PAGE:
Judge reprimands Roger Stone over inflammatory Instagram post
Alex Wroblewski/Getty Images(WASHINGTON) — A federal judge delivered a stinging reprimand to Roger Stone during a court hearing on Thursday, just days after the longtime political operative and adviser to President Donald Trump posted an inflammatory image to Instagram that appeared to target her.
The image Stone posted to Stone’s 45,000 Instagram followers featured a photograph of Judge Amy Berman Jackson with what appeared to be crosshairs in the upper left corner. A caption characterized Jackson as “an Obama appointed Judge who dismissed the Benghazi charges again Hillary Clinton and incarcerated Paul Manafort prior to his conviction for any crime.”
At Thursday’s hearing, Stone, who has apologized both publicly and in court documents, sought to take responsibility for the content of the post but maintained he did not select the image.
“I am kicking myself over my own stupidity, though not more than my wife was kicking me. I offer no excuse for it, no justification,” Stone said. “This is just a stupid lack of judgment.”
But Jackson continued questioning Stone about his decision to post the image, questioning why he could not have selected an image without crosshairs.
“It is your Instagram. So, it’s fair to say you are 100 percent responsible for what gets posted on it and not anybody else,” she said. “Do you know how to do a Google search? And do the volunteers who work for you know how to do a Google search? How hard was it for you to select a photo that did not have a crosshairs in the corner?”
Stone fielded questions under oath from both prosecutors and the judge for more than 30 minutes, struggling to explain the logistics of who selected the image that appeared on his Instagram page. He insisted that what the judge and prosecutors perceived as crosshairs was actually a “Celtic symbol.”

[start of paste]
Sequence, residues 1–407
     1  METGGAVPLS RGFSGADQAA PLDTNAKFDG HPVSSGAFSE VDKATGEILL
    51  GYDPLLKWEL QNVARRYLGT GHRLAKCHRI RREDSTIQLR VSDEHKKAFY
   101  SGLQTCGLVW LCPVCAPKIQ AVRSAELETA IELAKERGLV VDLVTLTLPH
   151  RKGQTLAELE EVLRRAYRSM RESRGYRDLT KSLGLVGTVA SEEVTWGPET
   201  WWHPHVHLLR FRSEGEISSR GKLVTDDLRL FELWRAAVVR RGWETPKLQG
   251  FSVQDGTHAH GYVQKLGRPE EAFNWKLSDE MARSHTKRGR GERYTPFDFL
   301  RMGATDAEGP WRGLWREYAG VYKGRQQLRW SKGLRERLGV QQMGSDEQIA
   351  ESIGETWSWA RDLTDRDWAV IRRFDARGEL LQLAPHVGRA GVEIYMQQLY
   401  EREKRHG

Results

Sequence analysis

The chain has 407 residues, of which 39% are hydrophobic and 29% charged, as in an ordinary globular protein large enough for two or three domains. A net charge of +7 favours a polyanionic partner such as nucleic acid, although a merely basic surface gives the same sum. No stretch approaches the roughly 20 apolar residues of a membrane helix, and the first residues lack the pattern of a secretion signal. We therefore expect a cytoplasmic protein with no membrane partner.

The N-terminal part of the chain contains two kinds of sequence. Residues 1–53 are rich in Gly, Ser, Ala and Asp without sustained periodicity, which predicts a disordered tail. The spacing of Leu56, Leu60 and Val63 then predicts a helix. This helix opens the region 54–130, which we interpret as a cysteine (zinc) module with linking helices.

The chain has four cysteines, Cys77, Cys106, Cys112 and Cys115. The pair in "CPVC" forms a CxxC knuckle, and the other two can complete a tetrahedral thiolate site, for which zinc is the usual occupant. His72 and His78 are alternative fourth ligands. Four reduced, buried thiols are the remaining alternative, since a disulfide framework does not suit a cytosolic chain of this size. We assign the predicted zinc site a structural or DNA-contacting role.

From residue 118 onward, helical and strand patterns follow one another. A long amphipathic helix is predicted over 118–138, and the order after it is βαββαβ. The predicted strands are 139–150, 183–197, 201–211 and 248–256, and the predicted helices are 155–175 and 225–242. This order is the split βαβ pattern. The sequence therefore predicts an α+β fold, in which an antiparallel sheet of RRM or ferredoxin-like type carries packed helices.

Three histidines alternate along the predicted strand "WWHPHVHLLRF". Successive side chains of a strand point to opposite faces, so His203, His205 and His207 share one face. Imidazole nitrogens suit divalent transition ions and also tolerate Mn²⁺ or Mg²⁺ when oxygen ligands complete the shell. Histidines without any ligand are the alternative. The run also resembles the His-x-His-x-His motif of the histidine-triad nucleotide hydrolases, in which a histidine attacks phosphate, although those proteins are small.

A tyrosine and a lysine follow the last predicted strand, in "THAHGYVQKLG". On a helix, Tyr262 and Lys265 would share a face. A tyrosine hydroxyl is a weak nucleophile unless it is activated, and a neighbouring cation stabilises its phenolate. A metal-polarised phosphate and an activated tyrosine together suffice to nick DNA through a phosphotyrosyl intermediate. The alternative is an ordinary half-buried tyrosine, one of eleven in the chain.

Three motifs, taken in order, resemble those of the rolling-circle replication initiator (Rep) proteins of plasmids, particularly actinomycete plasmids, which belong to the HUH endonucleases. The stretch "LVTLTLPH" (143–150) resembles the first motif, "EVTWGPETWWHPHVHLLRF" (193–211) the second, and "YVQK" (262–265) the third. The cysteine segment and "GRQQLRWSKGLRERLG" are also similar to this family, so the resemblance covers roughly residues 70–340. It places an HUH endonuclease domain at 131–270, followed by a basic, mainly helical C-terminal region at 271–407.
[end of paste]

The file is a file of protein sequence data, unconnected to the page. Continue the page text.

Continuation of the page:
Special counsel prosecutor Jonathan Kravis then encouraged the judge to issue a gag order on Stone and suggested his testimony Thursday was “not credible.”
Last week, Jackson issued a “narrowly-tailored” gag order on prosecutors and witnesses involved in Stone’s case but left Stone to continue speaking publicly about the probe – as long as he refrained from doing so near the federal courthouse in Washington, D.C.
“Every time the defendant gave another one of those interviews he continued to amplify the media coverage and increase the risk to the jury pool,” Kravis said.
Stone’s defense team counsel, Bruce Rogow, sought a second chance for his client.
“What [Stone] is really asking for is a second chance. It should not have been done. It is indefensible,” Rogow said.
Special counsel Robert Mueller indicted Stone in January on five counts of lying to Congress, as well as witness tampering, and obstruction of justice as part of Mueller’s probe into possible collusion between the Trump campaign and Russian meddlers in the 2016 U.S. presidential campaign.
Stone has pleaded not guilty to all seven counts.
This is a developing story. Please check back for updates.
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